A natural gas platform of the coast of Israel..
(photo credit: REUTERS)
With the Purim holiday last week, many took a break from the country’s exhausting election cycle. But for Prime Minister Benjamin Netanyahu, Wednesday evening was an opportunity to reinforce his position as Israel’s leading statesman.
Hosting the sixth trilateral summit between Israel, Greece, and Cyprus, Netanyahu hoped special guest US Secretary of State Mike Pompeo would deliver a strong showing of support for the embattled premier and his regional energy aspirations.
Significant regional developments have transpired since the last summit. In January 2019, Cypriot, Egyptian, Greek, Israeli, Italian, Jordanian and Palestinian energy ministers met in Cairo with the intention of establishing the Eastern Mediterranean Gas Forum, an institution for regional energy cooperation. Coincidentally, the forum’s optimism was rewarded in recent weeks as major discoveries were made off the coasts of Cyprus and Egypt.
Exxon Mobil is reportedly considering future exploration in Israel’s waters.
From the outside looking in, there is much to celebrate. But the summit was scheduled (not-so-coincidentally) just three weeks before Israel’s national elections. Indicted by the attorney-general and challenged by an up-and-coming party of former IDF chiefs of staff, Netanyahu is pursuing every possible avenue that guarantees his political survival. For this reason, the summit was little more than a photo op, a moment for Israel’s premier to don the costume he has become so accustomed to wearing on the international stage and to smile once more with other world leaders. The pending visit of Brazilian President Jair Bolsonaro and Netanyahu’s trip to AIPAC and the White House fit this all-too-familiar theme.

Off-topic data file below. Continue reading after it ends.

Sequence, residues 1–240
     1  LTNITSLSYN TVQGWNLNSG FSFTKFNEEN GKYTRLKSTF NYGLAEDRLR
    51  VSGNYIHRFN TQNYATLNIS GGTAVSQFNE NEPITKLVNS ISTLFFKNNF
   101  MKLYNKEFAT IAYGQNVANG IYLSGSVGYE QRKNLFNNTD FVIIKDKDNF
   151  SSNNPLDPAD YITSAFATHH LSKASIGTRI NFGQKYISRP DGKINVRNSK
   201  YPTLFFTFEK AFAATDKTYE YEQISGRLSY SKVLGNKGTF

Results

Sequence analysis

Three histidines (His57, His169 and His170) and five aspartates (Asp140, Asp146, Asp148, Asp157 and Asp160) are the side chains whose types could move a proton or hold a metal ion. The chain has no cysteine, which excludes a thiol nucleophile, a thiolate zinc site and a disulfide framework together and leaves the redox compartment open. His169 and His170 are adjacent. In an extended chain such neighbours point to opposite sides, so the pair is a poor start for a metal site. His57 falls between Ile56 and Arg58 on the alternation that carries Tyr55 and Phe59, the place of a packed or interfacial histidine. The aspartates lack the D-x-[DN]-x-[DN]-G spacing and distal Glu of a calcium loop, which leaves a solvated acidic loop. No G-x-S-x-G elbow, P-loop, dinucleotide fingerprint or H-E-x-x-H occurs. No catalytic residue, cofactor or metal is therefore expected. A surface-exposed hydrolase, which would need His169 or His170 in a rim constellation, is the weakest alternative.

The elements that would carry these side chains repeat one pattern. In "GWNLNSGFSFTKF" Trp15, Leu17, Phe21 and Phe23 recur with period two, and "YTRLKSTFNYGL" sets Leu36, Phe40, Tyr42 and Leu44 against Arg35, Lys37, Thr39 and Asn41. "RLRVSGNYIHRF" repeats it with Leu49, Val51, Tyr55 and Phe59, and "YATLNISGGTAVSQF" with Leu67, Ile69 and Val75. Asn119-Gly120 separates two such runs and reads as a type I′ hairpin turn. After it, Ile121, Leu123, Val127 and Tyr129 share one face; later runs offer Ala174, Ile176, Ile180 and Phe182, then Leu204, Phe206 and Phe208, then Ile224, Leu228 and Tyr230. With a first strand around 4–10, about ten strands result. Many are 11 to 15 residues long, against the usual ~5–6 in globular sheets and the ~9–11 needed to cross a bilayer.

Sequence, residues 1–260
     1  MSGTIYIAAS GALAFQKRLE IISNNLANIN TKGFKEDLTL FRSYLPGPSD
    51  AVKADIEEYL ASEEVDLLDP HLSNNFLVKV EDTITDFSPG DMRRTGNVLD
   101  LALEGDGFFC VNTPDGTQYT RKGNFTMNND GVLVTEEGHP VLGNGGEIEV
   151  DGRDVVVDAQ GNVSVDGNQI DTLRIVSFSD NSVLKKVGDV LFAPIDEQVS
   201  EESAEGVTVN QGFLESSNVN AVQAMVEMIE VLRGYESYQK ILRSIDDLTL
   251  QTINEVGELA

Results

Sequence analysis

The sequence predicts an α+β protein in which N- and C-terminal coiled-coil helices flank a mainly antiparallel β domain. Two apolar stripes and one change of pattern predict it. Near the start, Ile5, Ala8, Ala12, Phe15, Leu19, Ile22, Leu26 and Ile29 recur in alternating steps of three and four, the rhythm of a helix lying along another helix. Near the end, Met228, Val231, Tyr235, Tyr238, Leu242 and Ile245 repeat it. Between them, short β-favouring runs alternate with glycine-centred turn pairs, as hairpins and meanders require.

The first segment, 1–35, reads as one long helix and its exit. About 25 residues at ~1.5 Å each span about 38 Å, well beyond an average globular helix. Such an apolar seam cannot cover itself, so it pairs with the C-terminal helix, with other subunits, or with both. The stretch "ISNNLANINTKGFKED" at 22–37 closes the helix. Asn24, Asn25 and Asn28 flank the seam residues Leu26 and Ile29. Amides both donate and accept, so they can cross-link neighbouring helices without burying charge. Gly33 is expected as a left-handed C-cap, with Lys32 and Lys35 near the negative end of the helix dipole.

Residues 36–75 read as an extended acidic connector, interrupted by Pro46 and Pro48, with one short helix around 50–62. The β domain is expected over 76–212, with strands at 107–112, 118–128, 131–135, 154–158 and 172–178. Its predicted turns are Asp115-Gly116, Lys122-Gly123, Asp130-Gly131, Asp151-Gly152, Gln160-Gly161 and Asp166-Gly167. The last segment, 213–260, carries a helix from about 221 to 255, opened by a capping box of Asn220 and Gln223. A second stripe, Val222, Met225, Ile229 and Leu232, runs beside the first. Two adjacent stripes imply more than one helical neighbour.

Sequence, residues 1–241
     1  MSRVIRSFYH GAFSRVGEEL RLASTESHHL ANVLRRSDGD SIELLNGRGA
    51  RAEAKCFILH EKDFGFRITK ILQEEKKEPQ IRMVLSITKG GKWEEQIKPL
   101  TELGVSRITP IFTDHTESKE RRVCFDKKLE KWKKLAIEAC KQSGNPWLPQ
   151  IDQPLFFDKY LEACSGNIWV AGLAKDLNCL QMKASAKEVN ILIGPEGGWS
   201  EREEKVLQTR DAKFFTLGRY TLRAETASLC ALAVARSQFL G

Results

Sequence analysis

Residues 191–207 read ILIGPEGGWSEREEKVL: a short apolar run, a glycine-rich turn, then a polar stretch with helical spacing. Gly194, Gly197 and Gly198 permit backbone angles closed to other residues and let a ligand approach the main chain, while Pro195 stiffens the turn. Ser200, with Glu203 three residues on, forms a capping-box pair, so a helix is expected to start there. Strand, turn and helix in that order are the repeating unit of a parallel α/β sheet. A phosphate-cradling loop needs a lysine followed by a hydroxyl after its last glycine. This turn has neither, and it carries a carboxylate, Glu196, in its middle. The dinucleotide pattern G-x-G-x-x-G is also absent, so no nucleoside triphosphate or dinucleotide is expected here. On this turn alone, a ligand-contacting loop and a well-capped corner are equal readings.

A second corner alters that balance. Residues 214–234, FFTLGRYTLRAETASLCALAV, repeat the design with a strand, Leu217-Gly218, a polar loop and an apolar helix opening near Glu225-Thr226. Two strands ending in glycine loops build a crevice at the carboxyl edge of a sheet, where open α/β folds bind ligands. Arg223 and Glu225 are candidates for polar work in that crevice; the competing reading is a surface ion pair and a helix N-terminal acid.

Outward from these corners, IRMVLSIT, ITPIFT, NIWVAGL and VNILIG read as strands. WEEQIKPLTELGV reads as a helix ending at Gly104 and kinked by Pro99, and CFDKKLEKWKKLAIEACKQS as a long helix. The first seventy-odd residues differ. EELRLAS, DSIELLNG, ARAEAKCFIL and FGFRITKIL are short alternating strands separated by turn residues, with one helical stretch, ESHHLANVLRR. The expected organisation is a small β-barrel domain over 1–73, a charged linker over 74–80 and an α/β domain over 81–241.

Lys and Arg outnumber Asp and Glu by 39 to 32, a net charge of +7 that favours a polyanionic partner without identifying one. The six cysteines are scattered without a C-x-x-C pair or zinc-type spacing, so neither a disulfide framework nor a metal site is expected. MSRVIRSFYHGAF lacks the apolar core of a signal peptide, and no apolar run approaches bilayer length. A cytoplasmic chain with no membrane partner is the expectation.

Pompeo’s support for the Israeli-Hellenic partnership shouldn’t be overlooked. The reduced presence of the US Sixth Fleet – for decades, a stabilizing security presence in the Eastern Mediterranean – coincided with increased maritime tensions across the region.
In America’s place, Russia and Iran have become increasingly involved in regional affairs. Turkey, a longtime US ally and NATO member, seems shifting in a different direction as it is frequently at odds with the White House. But by and large, Eastern Mediterranean states seek American engagement and leadership. Viewed in concert with US Ambassador David Friedman’s presence at last December’s trilateral summit in Beersheba, the presence of the US deputy secretary of energy at East Med Gas Forum summit, and efforts by the US State Department in 2018 to bridge the divide between Israeli and Lebanese maritime claims, Washington is reinvesting capital in the Eastern Mediterranean – specifically through its support of developing regional alliances like the one between Israel, Greece, and Cyprus – for the first time in the Trump administration.
During the joint press statement, all four leaders spoke optimistically about the prospects of an EastMed pipeline, a potential 2,000-kilometer undersea pipeline that would run from Israel and Cyprus via Greece to Italy. “If we do this right,” Pompeo said, “we will attract the investment that will maximize these resources.”